Talk about the Zika virus is all over the news. According to the World Health Organization the Zika virus is “is now spreading explosively” in the Americas, with an estimate between 3 million to 4 million infections in the region over a 12-month period. This viral infection which is spread by infected mosquitoes is especially concerning in pregnant women.
So, what is Zika virus? Zika infection is a viral infection new to the western hemisphere. It was discovered in the Zika forest in Uganda in 1947 and is common in Africa and Asia, but did not begin spreading widely in the Western Hemisphere until last May, when an outbreak occurred in Brazil. It is a mosquito-borne virus that is prompting worldwide concern because of an alarming connection to a neurological birth disorder (microcephaly) and the rapid spread of the virus across the globe. The virus is of the same family of virus (flavivirus) that causes yellow fever, West Nile, and Dengue. The infection came to notice especially because of a surge in the number of cases of microcephaly (small head) in newborns in Brazil where Zika viral infection has been rampantly spreading over the last few months. To put things in perspective, since last May, Brazil has seen 4,180 cases of microcephaly in babies born to women who were infected with Zika during their pregnancies, and there were only 146 cases in 2014.
Transmission and symptoms– The virus is transmitted when an Aedes mosquito, an aggressive daytime mosquito, bites a person with an active infection and then spreads the virus by biting others. Those people then become carriers during the time they have symptoms. 80% of those infected with the Zika virus don’t even feel sick, and most who do have relatively mild symptoms such as a fever, rash, joint pain, pink eye, muscle pain and headache. The incubation period (the time from exposure to symptoms) for Zika virus disease is not known, but is likely to be a few days to a week. The illness is short term: resolves within days to weeks. There are major worries about the dangers pregnant women and their babies as this virus has now been shown to pass through amniotic fluid to the growing baby and the fetuses can be infected with the virus. Severe infection requiring hospitalization and death is rare with this disease.
Zika and pregnancy- Zika viral infection has been linked to microcephaly in affected newborns, which can result in severe developmental issues and sometimes death. The CDC recommends that women trying to become pregnant or who are thinking about becoming pregnant should consult with their healthcare provider before traveling to these areas and strictly follow steps to prevent mosquito bites during the trip. Pregnant women in any trimester should consider postponing travel to the areas where Zika virus transmission is ongoing. It is safe for pregnant women and women who are breastfeeding to choose an EPA-registered insect repellents and use it according to the product label. At this time, CDC does not recommend routine Zika virus testing in pregnant women who have traveled to a country with known transmission.
Zika and babies- Federal health officials say that newborns should be tested for infection with the Zika virus if their mothers have visited or lived in any country experiencing an outbreak and if the mothers’ own tests are positive or inconclusive. The new guidance applies only to infants of mothers who reported symptoms of Zika virus infection while living abroad in an affected country or within two weeks of travel to such a destination.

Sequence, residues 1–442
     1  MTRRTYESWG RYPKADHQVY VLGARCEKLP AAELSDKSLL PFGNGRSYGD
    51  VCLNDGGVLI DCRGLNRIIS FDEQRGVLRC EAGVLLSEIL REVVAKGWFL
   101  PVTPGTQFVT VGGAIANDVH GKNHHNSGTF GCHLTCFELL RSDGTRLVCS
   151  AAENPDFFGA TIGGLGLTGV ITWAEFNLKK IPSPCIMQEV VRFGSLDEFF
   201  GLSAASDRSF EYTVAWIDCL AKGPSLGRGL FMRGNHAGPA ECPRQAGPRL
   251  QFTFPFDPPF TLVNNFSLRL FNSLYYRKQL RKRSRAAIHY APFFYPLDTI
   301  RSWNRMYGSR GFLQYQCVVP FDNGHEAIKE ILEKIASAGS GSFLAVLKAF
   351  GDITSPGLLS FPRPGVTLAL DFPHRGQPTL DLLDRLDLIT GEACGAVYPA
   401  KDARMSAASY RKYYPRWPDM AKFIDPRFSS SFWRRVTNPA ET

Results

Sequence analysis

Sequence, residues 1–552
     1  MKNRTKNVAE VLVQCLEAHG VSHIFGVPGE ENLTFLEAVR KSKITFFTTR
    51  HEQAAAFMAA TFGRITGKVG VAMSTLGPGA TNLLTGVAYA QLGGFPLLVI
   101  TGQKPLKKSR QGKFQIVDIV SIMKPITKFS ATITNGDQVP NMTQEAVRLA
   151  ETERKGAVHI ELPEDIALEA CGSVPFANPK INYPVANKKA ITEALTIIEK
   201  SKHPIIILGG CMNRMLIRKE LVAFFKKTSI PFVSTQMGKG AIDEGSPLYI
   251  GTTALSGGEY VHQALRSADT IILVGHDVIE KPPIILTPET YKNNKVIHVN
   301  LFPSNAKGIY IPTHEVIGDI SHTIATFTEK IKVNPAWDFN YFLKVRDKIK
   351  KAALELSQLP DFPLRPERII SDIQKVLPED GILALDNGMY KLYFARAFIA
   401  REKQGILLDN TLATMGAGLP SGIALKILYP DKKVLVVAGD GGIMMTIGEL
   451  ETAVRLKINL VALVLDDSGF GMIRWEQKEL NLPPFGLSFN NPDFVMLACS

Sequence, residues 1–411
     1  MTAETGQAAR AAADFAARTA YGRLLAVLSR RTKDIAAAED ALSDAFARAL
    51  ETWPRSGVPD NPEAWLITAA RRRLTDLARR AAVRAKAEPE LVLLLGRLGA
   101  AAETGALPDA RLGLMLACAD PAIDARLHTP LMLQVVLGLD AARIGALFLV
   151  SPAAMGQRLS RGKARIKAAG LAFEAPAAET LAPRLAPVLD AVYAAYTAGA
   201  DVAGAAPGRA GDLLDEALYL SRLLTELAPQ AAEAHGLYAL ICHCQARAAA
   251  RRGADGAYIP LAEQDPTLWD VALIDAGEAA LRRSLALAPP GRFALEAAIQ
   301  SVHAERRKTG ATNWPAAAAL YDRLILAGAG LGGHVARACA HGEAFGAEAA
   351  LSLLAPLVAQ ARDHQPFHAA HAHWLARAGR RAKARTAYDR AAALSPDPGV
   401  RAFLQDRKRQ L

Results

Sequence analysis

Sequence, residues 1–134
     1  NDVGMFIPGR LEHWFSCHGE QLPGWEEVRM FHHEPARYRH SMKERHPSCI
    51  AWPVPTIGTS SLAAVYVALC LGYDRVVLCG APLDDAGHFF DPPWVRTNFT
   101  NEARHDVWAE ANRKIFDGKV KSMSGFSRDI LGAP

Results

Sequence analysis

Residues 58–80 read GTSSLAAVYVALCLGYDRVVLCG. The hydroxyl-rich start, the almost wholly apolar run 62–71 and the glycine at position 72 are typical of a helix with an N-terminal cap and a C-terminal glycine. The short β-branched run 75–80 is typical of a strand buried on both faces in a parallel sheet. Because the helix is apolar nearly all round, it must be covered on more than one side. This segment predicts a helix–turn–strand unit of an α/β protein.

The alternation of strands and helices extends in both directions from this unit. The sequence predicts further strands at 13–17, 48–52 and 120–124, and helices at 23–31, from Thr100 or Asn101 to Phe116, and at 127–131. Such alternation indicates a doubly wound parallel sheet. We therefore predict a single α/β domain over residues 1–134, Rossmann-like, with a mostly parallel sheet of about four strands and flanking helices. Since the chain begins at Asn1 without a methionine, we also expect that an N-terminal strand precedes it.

Where? -According to the CDC, the Zika virus is now being locally transmitted in Barbados, Bolivia, Brazil, Cape Verde, Colombia, Dominican Republic, Ecuador, El Salvador, French Guiana, Guadeloupe, Guatemala, Guyana, Haiti, Honduras, Martinique, Mexico, Panama, Paraguay, Puerto Rico, Saint Martin, Suriname, Samoa, the U.S. Virgin Islands and Venezuela. Dr. Margaret Chan, WHO’s director-general reports that the disease is in 23 countries and territories in the Americas. Zika cases have now been confirmed in the US, but only from travelers returning from these infected areas. The concern is whether these imported cases could result in locally transmitted cases within the United States. There have been 32 documented cases in 12 states and the District of Columbia, though all of those people contracted the infection in other countries. The states where Zika virus has been confirmed among travelers returning from affected countries are Arkansas, California, Florida, Hawaii, Illinois, Massachusetts, Minnesota, New Jersey, New York, Oregon, Texas, Virginia and the District of Columbia, according to health departments.
Treatment– Zika virus infection has no treatment with specific medicines or vaccine to prevent the disease, so the best protection is PREVENTION. Avoid travel to areas with an active infestation. If travel is necessary, take strict mosquito protection measures: Use an EPA-approved repellent over sunscreen, wear long pants and long-sleeved shirts thick enough to block a mosquito bite, and sleep in air-conditioned and/or screened rooms. Keep the screens on windows and doors closed in hotels and homes.
If you notice signs of infection, see your doctor right away. Blood tests may be needed to look for Zika or other similar viruses like dengue or chikungunya. Also, get plenty of rest, drink fluids to prevent dehydration, take medicine such as acetaminophen to relieve fever and pain. Do not take aspirin and other non-steroidal anti-inflammatory drugs (NSAIDs), like ibuprofen and naproxen. If you are taking medicine for another medical condition, talk to your healthcare provider before taking additional medication. If you have Zika, avoid mosquito bites for the first week of your illness to prevent the spread of the virus. During the first week of infection, Zika virus can be found in the blood and passed from an infected person to another mosquito through mosquito bites.